What are the major types of mental models? What should be your focus when learning a mental model?
The many types of mental models cut across several disciplines including math, psychology, economics, physics, and more. They include models like Gaussian distribution, reciprocity, autocatalysis, and opportunity cost. Your focus should be on learning the fundamental meaning of these models and not their nitty-gritty details.
Read on to discover more about the major types of mental models.
The Types of Mental Models
Here’s a list of mental models suggested directly by Munger across his speeches in Poor Charlie’s Almanack. It’s not a complete set of mental models you should know, but it’s a good start to build off of.
Observe a few things about the list:
- It reaches broadly across disciplines that you wouldn’t normally think of interacting, like economics and physics.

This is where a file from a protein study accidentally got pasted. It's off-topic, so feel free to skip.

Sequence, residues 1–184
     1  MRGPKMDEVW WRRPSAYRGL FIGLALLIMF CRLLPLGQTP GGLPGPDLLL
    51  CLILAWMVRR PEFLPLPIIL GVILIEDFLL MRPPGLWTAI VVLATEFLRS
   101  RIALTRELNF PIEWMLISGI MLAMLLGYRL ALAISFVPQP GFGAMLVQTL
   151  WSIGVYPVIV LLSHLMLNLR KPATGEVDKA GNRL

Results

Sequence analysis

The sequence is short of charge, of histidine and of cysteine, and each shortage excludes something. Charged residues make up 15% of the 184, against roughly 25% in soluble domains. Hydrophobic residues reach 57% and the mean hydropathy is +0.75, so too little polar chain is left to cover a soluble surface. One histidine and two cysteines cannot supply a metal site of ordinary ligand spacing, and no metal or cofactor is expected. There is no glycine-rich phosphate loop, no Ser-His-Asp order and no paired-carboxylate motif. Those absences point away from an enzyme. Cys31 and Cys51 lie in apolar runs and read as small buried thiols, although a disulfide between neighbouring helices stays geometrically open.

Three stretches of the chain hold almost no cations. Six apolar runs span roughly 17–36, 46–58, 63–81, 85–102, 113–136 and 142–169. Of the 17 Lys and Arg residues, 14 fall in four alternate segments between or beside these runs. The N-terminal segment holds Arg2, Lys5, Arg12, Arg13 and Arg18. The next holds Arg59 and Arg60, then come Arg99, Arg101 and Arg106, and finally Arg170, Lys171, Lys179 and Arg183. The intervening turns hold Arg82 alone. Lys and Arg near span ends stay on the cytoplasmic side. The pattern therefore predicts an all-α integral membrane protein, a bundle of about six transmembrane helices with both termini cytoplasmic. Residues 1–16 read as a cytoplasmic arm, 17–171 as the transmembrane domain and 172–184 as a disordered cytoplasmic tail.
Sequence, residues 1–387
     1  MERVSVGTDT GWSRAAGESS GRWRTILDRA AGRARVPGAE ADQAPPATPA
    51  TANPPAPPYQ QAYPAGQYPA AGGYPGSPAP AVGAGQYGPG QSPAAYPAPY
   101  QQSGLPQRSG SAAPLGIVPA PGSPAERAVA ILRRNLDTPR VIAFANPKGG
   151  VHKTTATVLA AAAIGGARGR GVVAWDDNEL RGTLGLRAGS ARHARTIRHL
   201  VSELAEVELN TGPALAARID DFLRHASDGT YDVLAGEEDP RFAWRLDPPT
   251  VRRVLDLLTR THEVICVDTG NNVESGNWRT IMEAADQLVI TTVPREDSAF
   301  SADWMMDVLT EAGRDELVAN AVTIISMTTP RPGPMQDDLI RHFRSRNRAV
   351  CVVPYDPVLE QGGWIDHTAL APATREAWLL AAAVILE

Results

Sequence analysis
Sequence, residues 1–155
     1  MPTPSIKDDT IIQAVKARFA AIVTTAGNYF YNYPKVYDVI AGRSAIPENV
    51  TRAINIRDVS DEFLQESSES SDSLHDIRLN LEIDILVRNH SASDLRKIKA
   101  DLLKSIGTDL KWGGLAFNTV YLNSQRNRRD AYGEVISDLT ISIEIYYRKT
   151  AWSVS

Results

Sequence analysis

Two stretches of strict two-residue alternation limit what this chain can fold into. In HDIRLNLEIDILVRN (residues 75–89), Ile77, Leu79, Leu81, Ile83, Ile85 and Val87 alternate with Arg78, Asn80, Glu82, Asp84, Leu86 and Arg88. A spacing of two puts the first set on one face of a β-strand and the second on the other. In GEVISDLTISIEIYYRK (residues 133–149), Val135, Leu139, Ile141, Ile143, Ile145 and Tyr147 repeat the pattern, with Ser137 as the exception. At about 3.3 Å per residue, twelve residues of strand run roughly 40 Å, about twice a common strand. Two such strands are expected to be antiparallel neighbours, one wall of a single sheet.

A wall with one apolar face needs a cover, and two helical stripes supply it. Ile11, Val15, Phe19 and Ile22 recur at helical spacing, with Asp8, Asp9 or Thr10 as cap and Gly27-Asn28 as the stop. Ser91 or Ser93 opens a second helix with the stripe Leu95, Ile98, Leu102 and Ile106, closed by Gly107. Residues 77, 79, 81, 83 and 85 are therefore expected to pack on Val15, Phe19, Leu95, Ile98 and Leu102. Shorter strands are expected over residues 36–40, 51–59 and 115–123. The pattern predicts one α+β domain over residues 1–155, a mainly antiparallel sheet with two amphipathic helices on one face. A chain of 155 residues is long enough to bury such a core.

- Each discipline has specific ideas that have relevance outside the discipline.
We’ve included links for the different types of mental models under each category as a starting point for research.
The types of mental models include:
- Big “no-brainer” questions
- Patents and trademarks
Get the Core Ideas, Don’t Sweat the Details
For purposes of general cognition, you don’t need to learn the nitty-gritty technical details of the various types of mental models. You need only build an intuition for the fundamental meaning of the mental model.
For instance, for the engineering concept of “margin of safety,” you don’t need to be able to analyze a bridge and calculate the exact margin of safety to five significant figures. Instead, take away the general idea—that a system should have a degree of buffer before it fails.
———End of Preview———
Like what you just read? Read the rest of the world's best book summary and analysis of Charles T. Munger's "Poor Charlie's Almanack" at Shortform .
Here's what you'll find in our full Poor Charlie's Almanack summary :
- A collection of Charlie Munger’s best advice given over 30 years
- Why you need to know what you’re good at and what you’re bad at to make decisions
- Descriptions of the 25 psychological biases that distort how you see the world